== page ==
DevTest Labs, Artifacts, WinRM, and Network settings


In the wonderful world of Cloud, being a T-shaped professional is becoming more and more important. I’m a developer and my knowledge of IaaS and networking is, let’s put it gently, not so good. This week I ran into some issues when setting up a DevTest labs environment with virtual machines configured for PowerShell Remoting. In this blog post I’ll show you an easy way to configure PowerShell remoting (WinRM) on your machines and share some networking knowledge that I learned while doing that.

Some background information

I’m working on setting up a complete delivery pipeline for an application that uses an Angular frontend, a SQL Server database, SQL Server Analysis Services and SQL Server Integration Services that should run on Team Foundation Server 2017 with an on-premises deployment model. To build a demo environment of this pipeline, I use VSTS and Azure to mimic the on-premises environment.

This means I must create and manage a bunch of IaaS virtual machines on Azure. I chose to use DevTest Labs for this setup because it allows me to automatically shut down, startup and delete virtual machines based on a schedule. I can also apply artifacts to a machine to configure it the way I want before deploying my software on it. In addition, it gives me nice cost tracking features and allows me to set a maximum on the costs, so I don’t burn all my Visual Studio subscription credits.

Did you know that if you have a Visual Studio subscription, you get free credits for Azure each month that you can use to test features and learn how Azure works without spending any money? Haven’t activated this yet? Go to to activate your credits.

To access these virtual machines, I would love to use the new Deployment Groups option, but that’s not available yet in TFS 2017. Instead, I chose to run remote PowerShell commands on the machines to install all the parts of my application.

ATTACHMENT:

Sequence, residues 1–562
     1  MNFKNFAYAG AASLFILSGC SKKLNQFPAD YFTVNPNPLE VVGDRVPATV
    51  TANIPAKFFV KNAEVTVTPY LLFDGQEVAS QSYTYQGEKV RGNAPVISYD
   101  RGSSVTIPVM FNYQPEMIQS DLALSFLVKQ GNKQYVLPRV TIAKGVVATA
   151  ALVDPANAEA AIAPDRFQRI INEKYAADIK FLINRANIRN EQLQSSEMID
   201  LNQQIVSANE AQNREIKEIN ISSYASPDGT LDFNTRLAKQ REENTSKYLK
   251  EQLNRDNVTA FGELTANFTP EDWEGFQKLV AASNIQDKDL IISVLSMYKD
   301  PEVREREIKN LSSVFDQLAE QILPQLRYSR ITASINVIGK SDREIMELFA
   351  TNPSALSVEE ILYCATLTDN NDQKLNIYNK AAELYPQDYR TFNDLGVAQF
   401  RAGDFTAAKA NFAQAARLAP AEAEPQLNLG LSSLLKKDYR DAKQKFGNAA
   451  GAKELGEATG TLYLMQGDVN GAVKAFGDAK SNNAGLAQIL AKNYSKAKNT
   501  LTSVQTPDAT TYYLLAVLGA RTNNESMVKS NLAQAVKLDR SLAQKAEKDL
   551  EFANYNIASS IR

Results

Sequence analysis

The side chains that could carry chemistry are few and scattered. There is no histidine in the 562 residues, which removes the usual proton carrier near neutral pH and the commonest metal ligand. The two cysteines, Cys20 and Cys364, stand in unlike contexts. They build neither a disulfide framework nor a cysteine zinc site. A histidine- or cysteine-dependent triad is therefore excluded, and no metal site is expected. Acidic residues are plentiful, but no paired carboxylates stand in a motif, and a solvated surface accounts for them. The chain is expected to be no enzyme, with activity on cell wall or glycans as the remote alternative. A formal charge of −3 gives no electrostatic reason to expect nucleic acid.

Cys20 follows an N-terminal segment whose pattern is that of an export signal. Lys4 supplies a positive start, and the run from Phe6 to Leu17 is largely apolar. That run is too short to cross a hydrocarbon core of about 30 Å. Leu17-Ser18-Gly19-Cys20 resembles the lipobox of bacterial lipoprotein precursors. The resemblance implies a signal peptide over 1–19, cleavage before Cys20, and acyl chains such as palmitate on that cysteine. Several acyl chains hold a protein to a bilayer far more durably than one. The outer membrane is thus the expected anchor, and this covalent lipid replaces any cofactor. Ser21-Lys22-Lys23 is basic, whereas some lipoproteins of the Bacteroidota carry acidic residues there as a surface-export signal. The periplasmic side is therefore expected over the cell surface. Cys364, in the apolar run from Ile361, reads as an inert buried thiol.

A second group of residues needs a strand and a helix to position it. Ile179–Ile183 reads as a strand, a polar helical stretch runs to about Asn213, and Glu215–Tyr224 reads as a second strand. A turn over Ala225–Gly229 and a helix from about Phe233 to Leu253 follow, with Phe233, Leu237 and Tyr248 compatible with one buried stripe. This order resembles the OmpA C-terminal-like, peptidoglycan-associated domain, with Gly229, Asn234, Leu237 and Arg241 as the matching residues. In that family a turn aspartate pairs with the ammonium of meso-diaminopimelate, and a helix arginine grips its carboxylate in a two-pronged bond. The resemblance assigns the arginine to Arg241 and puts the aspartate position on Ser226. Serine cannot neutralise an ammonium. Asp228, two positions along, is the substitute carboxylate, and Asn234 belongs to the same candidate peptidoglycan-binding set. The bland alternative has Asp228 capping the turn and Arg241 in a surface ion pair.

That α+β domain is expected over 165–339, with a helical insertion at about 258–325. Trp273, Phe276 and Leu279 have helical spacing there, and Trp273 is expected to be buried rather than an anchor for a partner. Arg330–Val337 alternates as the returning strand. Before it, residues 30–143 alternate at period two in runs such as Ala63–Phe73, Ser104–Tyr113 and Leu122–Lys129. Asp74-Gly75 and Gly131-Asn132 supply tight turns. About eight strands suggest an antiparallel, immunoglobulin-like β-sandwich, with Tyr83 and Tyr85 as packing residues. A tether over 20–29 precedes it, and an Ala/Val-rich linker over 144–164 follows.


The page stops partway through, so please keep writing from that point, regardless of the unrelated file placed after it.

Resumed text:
Applying WinRM as a DevTest Labs artifact

This great blog post by Tarun explains how to configure WinRM using the DevTest Labs’ Run PowerShell artifact. However, after following this post I still couldn’t access my Azure VM from my local development machine. The DevTest Labs team is great and after contacting them they created a new artifact for deploying WinRM in one go. Having this as an artifact allows DevTest Labs to give you logging on the individual steps in the script making it much easier to debug if something goes wrong.

If you apply this artifact to an existing virtual machine, it will configure WinRM for you by adding a firewall rule, creating a test certificate and configuring WinRM to listen on HTTPS.

The WinRM Artifact helps setting up WinRM on your DevTest Lab VM

In the Add artifact blade there is now an important warning that wasn’t there before:

The IP settings of your VM impact the configuration of WinRM

What’s this Shared IP address and Public IP address stuff all about?

When creating a VM in DevTest Labs, go to the advanced settings to view the different IP configuration options.

By default a Shared IP configuration is used for a DevTest Labs VM

By default, the configuration is set to Shared. Shared means that the VM will be publicly available under the same public IP address as other VMs in the same network, but uniquely accessed by its assigned port. Behind the scene, DevTest Labs automatically creates a load balancer that maps all incoming traffic to the different VMs in your lab. This saves costs since you must pay for each public IP address that you use. The following resources are created when you add a VM with a shared IP address to your lab:

When using a Shared IP configuration, a Load Balancer with one Public IP address is created

When you want to enable WinRM while using the Shared IP address, you will have to add a NAT rule to the load balancer to configure port forwarding to the WinRM port (5986) of your VM. You have to do this for every VM you create, and you need to make sure to use a unique public port each time you do this. You can use PowerShell to automate this but there is an easier solution.

You can create NAT rules on the load balancer to allow WinRM

When you create your virtual machine, configure it with a public IP address instead of a shared one and you’re done. This won’t create the load balancer and won’t require you to create the inbound NAT rule. Applying the WinRM artifact is now all you must do. You can then use the following script to connect to your VM:

$winrmPort = "5986"
$passwd = ConvertTo-SecureString "<password> -AsPlainText -Force
$cred = New-Object System.Management.Automation.PSCredential ("<Username>", $passwd)

# Connect to the machine
$soptions = New-PSSessionOption -SkipCACheck
Enter-PSSession -ComputerName $hostName -Port $winrmPort -Credential $cred -SessionOption $soptions -UseSSL

And that’s it! Happy remoting.